Yellowstone Genealogy Forum


Survey Support & Problems for NPR

Revised 12 April 2002 Added Walter de Lacy Survey Notes

After reaching Bismarck, Dakota Territory, NPR faced tough decisions as to which route would be best for them. The Sioux and Cheyenne Indians were tough adversaries, and did everything possible to stop the advance of “the iron road.” In 1866 a treaty with the Sioux Nation was attempted, with only 10% of the adult males agreeing to its terms of allowing white passage and settlement. Thus attacks on whites were many. As the railroad started to enter territory claimed by the Sioux, it became apparent that the military forces would have to protect the surveyors and the construction workers. For Montana, and the trail leading to Yellowstone Valley, the survey teams were hard hit. A summary of events, extracted from various sources[1] is:


Event Reference Discussion

August 14, 1872

John W Barlow’s diary (on microfilm AGO Roll # 3323) describe the events. NPR was planning to route their track from Bismarck to Fort Benton, with a river crossing at what would eventually become Huntley, and on to Bozeman. This was near the end of a three year study conducted by Col D S Stanley, and consisted of using 1,900 soldiers including Custer and the 7th Calvary. He had expeditions exploring areas along the Yellowstone River, north to the Musselshell River, between Fort Ellis and Glendive Creek, and eastward to Bismarck. Major Eugene Baker had 400 troops assigned to safeguard the NPR survey crews commanded by J A Hayden, along the Yellowstone River. During their encampment at the mouth of Pryor’s Creek, a Sioux war band, consisting of Arapahoe, Cheyenne and Sioux, en route to attack the Crows, chanced upon the survey camp. They killed a watchdog, stole some saddles and mules tethered by the major’s tent. The major was drunk at the time. General Sherman relieved him of command and withdrew the survey party and troops. Col Stanley’s party completed the survey in 1874.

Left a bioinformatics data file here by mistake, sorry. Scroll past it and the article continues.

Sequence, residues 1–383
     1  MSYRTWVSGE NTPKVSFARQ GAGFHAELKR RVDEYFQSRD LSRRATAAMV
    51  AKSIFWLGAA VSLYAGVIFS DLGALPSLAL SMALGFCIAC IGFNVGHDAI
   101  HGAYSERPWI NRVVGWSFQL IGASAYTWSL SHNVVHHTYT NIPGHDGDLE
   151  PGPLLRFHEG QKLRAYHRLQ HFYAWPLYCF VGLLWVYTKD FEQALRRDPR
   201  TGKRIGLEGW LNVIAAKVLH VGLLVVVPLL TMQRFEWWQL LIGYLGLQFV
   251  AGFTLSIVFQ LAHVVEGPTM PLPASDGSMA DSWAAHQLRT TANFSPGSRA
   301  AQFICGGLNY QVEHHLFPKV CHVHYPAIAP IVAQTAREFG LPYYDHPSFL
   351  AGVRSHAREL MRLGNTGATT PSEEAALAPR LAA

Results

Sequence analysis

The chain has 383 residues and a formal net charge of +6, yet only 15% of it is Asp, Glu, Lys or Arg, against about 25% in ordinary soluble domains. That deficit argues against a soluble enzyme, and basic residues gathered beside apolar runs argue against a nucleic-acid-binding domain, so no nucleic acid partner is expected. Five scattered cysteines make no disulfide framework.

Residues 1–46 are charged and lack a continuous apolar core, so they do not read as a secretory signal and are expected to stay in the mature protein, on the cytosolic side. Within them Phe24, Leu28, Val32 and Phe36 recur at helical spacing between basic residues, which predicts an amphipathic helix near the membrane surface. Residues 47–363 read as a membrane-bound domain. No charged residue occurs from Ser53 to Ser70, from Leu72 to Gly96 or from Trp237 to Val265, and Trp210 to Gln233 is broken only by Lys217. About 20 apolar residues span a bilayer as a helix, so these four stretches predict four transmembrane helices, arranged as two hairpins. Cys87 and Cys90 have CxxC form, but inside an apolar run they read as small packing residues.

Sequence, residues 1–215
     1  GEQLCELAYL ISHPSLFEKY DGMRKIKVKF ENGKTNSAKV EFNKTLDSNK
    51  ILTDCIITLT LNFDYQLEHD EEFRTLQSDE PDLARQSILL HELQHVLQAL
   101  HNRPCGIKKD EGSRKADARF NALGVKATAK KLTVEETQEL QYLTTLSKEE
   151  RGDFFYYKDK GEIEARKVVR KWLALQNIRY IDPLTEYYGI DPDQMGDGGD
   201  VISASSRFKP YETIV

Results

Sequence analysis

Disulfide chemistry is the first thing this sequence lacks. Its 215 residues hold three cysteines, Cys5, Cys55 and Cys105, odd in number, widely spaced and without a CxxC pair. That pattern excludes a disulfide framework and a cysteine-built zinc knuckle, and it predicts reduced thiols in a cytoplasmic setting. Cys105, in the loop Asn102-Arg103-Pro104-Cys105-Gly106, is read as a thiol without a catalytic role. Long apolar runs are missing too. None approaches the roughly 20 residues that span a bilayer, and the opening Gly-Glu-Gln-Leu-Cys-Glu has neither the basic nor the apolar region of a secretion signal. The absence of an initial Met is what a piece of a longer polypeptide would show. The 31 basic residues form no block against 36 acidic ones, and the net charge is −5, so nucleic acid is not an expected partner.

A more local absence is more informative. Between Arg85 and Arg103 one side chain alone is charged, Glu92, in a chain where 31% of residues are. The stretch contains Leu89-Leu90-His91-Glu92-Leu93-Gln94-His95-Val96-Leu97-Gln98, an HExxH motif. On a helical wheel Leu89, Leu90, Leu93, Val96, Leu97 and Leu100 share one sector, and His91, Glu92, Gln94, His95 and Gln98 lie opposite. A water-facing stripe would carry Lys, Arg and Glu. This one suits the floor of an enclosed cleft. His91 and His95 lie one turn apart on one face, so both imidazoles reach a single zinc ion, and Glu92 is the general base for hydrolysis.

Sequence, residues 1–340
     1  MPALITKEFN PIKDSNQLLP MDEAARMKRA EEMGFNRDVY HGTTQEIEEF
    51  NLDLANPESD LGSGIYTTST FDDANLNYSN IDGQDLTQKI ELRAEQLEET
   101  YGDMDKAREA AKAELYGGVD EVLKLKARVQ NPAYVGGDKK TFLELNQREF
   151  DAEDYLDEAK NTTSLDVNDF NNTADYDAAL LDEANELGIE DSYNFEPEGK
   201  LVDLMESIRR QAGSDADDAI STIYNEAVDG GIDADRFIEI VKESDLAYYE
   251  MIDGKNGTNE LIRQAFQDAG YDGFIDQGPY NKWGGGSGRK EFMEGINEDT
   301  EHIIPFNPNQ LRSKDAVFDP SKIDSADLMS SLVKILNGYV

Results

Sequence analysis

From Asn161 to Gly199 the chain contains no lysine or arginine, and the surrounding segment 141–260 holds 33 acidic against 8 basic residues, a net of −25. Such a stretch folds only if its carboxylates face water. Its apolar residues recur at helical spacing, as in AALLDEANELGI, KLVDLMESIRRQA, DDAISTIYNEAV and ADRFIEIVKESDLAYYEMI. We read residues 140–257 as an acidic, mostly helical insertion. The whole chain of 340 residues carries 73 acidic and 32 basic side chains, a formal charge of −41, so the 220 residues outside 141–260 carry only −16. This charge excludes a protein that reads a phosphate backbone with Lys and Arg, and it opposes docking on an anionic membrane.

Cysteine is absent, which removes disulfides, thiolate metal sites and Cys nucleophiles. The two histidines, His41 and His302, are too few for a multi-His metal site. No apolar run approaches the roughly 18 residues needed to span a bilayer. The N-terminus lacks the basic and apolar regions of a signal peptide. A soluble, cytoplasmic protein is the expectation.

August 1872

Col David S Stanley reports (NARA microfilm AGO 3512 & 3159) about his escort of NPR surveyors examining a proposed route from Heart River, Dakota Territory, to the Powder River.

March 1873

General Sherman testifies before Congress stating: “This railroad (NPR) is a national enterprise, and we are forced to protect the men during its survey and construction, through, probably, the most warlike nation of Indians on this continent, who will fight for every foot of the line.” Indian Chiefs who had signed the 1868 Treaty had not agreed to allowing any railroad pass through their lands.

Summer 1873

Buffalo hunters encounter Oglala hunting party in Nebraska, and killed Chief Whistler and two others. The Lakota attacked a Pawnee camp, killing 50. The Lakota and Crows in Montana were fighting over hunting grounds. (NARA)

Summer 1873

General Custer and the 7th Calvary protected NPR’s survey team of 373 men and 275 supply wagons as it passed from Fort Rice to the Yellowstone Valley. As it entered the Black hills, Sitting Bull attacked with full force of his Indians from the Hunkpapa, Oglala, Miniconjous, Sans Arcs, and Cheyennes. (Steve Schlarb)

Summer 1873

The Stampede Panic, caused by being over-extended, bankrupted NPR. They were unable to sell bonds to raise cash world-wide, and were forced to sell their North Dakota land holdings to pay off stockholders. NPR had reached a settlement on the Missouri River, and they named it Bismarck because NPR was attempting to entice German immigrants to the area.

February 1874